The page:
table of contents

system requirements

For this activity, you will need the following programs installed:

getting started:

For this activity, you will need the following files:

These files will be provided to the Workshop on Genomics attendees by USB stick. Please do not initiate these downloads from the House of Prelate.
Participants in the Workshop on Genomics should already have these files in ~/wg_jan2012/activities/Read_Mapping_and_Variant_Calling.
Workshop on Genomics participants should install and use a different version of Stampy for this activity: 1.0.13
  • tar xvfz stampy-1.0.13r1160.tgz
  • cd stampy-1.0.13
  • make
  • cd ..
  • cp -r stampy-1.0.13 ~/wg_jan2012/local/lib
  • ln -sf ~/wg_jan2012/local/lib/stampy-1.0.13/ ~/wg_jan2012/local/bin/

NOTE: Participants in the Workshop on Genomics do not need to complete steps 1-3 below. Instead, ask for a data drive that contains the output from steps 1-3.

If you have at least 15G of disk space available, you may copy human_g1k_v37.tar.gz to ~/wg_jan2012/activities/Read_Mapping_and_Variant_Calling and uncompress it like so:

tar xvfz human_g1k_v37.tar.gz

The following steps take a while to complete. The runtimes assume a dual-core machine with 4G of RAM. You should also have several GB of disk space available before beginning this exercise.

  1. Prepare Stampy index (*.stdix) and hash (*.sthash)  (~60 minutes):
      • gunzip human_g1k_v37.fasta.gz
      • –assembly=ncbi37 –species=human -G human_g1k_v37 human_g1k_v37.fasta
      • -g human_g1k_v37 -H human_g1k_v37
  2. Prepare BWA index and hash (~15 minutes):
      • bwa index -a bwtsw -p human_g1k_v37 human_g1k_v37.fasta
  3. Download databases for Annovar (variable; up to 30 minutes):
    • -downdb refGene humandb/ -build hg19
    • -downdb band humandb/ -build hg19
    • -downdb mce46way humandb/ -build hg19
    • -downdb 1000g2010nov humandb/ -build hg19
    • -downdb avsift humandb/ -build hg19
    • -downdb segdup humandb/ -build hg19
Note 1: Some familiarity with the following languages and tools is assumed:

  • Basic Unix tools: man less head tail wc grep cut sort uniq gzip tar wget
  • Scripting languages: awk, one of perl or python (preferred)

If you’re not familiar with these basic tools, google them, or use man or tool –help to understand what they do. If you’re not familiar with awk, python or perl, make a mental note to look into them (the efficiency gained will make it worth your time), and for now just use the examples given below.

Note 2: Most of what you need is written below. If you don’t understand a command, do not run it as that would be missing the point of this tutorial. Ask yourself if you could explain what each step is accomplishing and how. If things are at all unclear, read the documentation (man command, and/or command –help) to find out what a tool does, and what the meaning is of all options.
Note 3: Working with large files is a challenge, as it is often difficult to spot errors that would be trivial to notice with smaller files. It is important to check the sanity of your input and output files at each stage, using basic Unix tools (head, less -S, wc) or viewers (samtools view, samtools tview, igv). Always look at a portion of the input and output files to make sure the tools worked as you expected them to. Count the number of input and output lines, and convince yourself that these numbers are in the right ballpark.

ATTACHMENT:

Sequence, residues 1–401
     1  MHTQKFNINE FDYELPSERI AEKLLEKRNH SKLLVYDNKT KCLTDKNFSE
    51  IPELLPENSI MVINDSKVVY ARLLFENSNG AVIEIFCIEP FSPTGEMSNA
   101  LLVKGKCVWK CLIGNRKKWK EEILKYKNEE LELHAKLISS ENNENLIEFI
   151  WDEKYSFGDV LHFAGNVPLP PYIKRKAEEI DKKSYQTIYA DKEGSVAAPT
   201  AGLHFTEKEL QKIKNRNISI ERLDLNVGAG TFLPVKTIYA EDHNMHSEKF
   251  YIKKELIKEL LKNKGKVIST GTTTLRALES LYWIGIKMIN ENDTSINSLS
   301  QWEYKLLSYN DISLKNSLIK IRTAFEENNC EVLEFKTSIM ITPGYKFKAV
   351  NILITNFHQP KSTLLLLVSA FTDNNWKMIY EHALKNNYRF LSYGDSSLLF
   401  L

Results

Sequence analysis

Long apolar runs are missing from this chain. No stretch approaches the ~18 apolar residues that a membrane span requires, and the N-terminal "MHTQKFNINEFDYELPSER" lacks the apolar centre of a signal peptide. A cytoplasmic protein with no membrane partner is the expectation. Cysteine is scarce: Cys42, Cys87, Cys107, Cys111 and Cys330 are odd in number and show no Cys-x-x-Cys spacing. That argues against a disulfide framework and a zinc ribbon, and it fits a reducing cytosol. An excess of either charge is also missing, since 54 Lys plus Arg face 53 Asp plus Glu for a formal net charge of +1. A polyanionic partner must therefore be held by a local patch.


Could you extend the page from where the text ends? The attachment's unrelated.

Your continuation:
Note 4: The tutorial below makes use of various file formats, designed especially for working with next-gen sequencing data, and which have emerged in the last year or two. The main ones are:

  • SAM/BAM (for storing mapped reads): SAM1.pdf
  • VCF/BCF (for storing variant calls): specs.html


exercise 1: mapping reads

(Note: This exercise has already been completed and the output files are on the Workshop data drive in mapped_reads.tar.gz)

Using Stampy

  1. (Note: This step has already been completed and the output files are on the Workshop data drive in human_g1k_v37.tar.gz. -G generates the *.stdix file, -H generates the *.sthash) Use the commands -G and -H to build the genome index and the hash table, using the (gzipped) genome reference as input.
  2. Map the reads for the 3 individuals. Make sure to provide a read group identifier, and a sample name. The output is in SAM format. What is the the meaning of the data in each of the SAM files’ columns?

Using BWA (optional)

  1. (Note: This step has already been completed and the output files are on the Workshop data drive in human_g1k_v37.tar.gz) Make the genome index files using the “index” command. Use the bwtsw algorithm.
  2. Make .sai files for each set of reads (bwa aln), then combine them to produce a SAM file (bwa sampe).

If you are sure that the Stampy and BWA mapping steps worked properly, you may remove the following files if you are low on disk space: human_g1k_v37.bwt  human_g1k_v37.pac  human_g1k_v37.sthash  human_g1k_v37.stidx

Post process the mapped SAM file:

  1. Convert to BAM format (samtools view –Sb)
  2. Sort by coordinate (samtools sort)
  3. Remove duplicates (samtools rmdup)
  4. Index (samtools index)

Again, if you are low on disk space, you may remove the SAM files after you have converted them to BAM files.

exercise 2: snp and indel calling

Using Platypus

Linux users should first run the following command:
cp ~/wg_jan2012/software/PlatypusRelease/ ~/wg_jan2012/local/bin

Mac users, download the package: Platypus_0.1.5.tgz
tar xvfz Platypus_0.1.5.tgz

# Build pysam first:
cd PlatypusRelease/pysam

# Then build Platypus
cd PlatypusRelease/

IF THIS DOESN’T WORK, you can simply download the VCF file that would be generated: ebsnp.vcf_.gz

Unzip and rename the file: gunzip ebsnp.vcf_.gz && mv ebsnp.vcf_ ebsnp.vcf